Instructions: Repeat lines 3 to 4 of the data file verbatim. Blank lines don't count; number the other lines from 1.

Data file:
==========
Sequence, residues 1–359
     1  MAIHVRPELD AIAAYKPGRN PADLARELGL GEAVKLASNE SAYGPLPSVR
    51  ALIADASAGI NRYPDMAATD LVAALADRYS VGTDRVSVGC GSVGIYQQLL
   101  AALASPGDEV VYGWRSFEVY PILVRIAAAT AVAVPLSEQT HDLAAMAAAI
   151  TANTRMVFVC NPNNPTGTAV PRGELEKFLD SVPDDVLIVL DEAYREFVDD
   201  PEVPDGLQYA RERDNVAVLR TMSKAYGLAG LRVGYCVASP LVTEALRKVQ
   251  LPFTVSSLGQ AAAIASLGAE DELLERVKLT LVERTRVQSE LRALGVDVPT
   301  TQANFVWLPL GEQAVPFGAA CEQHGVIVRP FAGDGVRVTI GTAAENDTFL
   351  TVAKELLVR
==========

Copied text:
    51  ALIADASAGI NRYPDMAATD LVAALADRYS VGTDRVSVGC GSVGIYQQLL
   101  AALASPGDEV VYGWRSFEVY PILVRIAAAT AVAVPLSEQT HDLAAMAAAI